More than fourteen rabbits have died from a highly contagious virus that can be spread by humans, conservation authorities have warned.
Veterinarians in Connecticut and South Carolina this week revealed cases of sudden death from rabbit hemorrhagic disease virus type 2 (RHDV2) in wild herds, with thirteen in Connecticut dying within one day of each other.
The virus is a “serious threat” to rabbits, killing seven out of ten of those it infects and leaving them suffering from bloody noses and mouths and difficulty breathing.
People can’t catch the virus, experts say, but they can spread the disease through their hands or shoes. Owners are asked to wash their hands with warm soapy water before going to rabbit farms and not to allow their pets to come into contact with wild rabbits.
This case was first identified in South Carolina. It reached the US in 2018 and has since spread to 19 states on both the West and East coasts of the country.
Rabbits are being killed by a virus that is fatal to 70 percent of those it infects (film photo)
The Connecticut Department of Agriculture has identified a sudden die-off of wild rabbits in Hartford County, near New York City, which are classified as escaped domestic rabbits.
And in South Carolina, the Clemson University Veterinary Diagnostic Center detected RHDV2 in the Grenville area, in the north of the state.
Both said the rest of the herd are now quarantined in kennels to avoid spreading the disease to other groups.
It is not clear how the rabbits became infected, although the virus can be transmitted through litter, water and hay touched by infected rabbits.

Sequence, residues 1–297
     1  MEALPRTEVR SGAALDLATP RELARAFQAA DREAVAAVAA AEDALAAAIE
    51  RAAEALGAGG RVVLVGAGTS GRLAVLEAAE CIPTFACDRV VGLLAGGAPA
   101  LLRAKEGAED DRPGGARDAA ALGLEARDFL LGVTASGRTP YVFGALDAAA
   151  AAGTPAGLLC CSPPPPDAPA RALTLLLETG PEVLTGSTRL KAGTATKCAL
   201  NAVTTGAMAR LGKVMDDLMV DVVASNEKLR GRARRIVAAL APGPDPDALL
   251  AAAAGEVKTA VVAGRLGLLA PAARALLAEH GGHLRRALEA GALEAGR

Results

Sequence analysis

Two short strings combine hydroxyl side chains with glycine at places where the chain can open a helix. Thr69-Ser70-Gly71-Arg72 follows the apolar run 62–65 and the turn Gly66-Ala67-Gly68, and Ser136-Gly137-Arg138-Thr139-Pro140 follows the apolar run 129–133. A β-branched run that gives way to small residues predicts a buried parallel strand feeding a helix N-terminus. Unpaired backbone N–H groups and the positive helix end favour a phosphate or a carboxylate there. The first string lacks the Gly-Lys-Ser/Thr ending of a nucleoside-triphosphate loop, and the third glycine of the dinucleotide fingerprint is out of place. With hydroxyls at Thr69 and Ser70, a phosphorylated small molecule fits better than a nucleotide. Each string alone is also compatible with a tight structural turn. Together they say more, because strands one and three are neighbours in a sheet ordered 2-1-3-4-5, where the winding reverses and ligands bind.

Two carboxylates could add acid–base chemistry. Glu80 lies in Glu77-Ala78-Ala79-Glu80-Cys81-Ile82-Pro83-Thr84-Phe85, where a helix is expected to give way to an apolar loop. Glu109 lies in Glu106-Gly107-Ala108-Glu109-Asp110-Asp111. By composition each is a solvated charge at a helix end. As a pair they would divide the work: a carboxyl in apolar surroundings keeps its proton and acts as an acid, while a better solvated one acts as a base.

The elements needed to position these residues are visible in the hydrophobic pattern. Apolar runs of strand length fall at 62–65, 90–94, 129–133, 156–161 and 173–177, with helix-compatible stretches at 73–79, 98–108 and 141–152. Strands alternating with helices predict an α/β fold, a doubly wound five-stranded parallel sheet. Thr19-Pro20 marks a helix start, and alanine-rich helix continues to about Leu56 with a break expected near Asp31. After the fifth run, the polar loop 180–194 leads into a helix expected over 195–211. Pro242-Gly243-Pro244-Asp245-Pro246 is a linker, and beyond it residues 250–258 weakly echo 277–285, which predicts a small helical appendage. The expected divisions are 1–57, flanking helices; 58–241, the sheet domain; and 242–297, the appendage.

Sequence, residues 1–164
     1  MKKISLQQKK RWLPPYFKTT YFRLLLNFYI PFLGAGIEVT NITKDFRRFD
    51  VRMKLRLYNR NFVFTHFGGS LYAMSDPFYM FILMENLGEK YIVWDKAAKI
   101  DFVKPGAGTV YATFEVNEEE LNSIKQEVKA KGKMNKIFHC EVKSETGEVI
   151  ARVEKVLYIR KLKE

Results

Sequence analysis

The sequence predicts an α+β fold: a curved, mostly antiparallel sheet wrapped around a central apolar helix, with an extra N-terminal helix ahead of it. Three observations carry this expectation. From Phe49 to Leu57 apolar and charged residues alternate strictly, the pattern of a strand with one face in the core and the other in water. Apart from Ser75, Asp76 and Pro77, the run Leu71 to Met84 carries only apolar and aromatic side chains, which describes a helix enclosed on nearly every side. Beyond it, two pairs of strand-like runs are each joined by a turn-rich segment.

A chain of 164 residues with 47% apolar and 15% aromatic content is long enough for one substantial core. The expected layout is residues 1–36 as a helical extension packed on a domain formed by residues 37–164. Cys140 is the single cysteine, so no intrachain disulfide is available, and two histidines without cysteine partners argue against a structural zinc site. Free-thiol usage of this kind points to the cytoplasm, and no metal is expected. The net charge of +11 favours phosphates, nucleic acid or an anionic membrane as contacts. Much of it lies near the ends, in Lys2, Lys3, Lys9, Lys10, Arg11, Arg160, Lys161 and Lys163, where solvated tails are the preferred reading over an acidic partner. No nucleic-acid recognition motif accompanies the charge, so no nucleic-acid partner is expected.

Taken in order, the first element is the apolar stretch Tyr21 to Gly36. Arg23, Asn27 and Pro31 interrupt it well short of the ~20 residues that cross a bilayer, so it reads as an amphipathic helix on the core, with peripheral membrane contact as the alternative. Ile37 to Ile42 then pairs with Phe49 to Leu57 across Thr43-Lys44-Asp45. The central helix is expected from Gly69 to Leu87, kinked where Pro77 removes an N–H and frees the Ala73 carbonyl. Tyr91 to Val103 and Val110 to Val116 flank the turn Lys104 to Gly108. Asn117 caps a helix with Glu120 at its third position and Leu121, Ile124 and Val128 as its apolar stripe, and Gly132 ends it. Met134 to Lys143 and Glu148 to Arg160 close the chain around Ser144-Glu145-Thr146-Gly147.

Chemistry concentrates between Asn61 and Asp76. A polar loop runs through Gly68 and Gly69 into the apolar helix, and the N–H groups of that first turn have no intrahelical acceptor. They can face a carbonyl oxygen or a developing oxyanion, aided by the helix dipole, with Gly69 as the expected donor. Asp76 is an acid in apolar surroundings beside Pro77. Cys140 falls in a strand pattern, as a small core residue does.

It is known in domestic populations in Connecticut, but has not previously been identified in wild herds.
Dr. Amesh Adaja, an infectious disease expert at Johns Hopkins University, told DailyMail.com that people are “not affected” by the disease.
“It’s just an infection [rabbits]”, he said, adding that “people are notoriously unreceptive.”
Rabbits infected with the virus may suffer from lethargy, conjunctivitis, difficulty breathing and blood spots on the nose or mouth.
Death occurs within one day to two weeks after infection.
There is no cure for the disease, instead authorities are relying on prevention methods to stop the spread of the virus.
It is already known in wild rabbit populations in the western United States.
But it has also been found among domestic rabbits on both sides of the country, suggesting the risk of its spread.
The USDA recommends that those concerned about the disease spreading to their rabbits should always wash their hands with warm soapy water before entering the rabbit housing area.
It also states that all equipment must be disinfected before being returned to the rabbitry, and any new rabbits added to the flock must be quarantined for 30 days to ensure they are disease-free.
Owners should also avoid interacting with pets or wild rabbits and should not allow visitors to handle rabbits without protective equipment such as gloves and covers.
Source: | This article originally belongs to dailymail.co.uk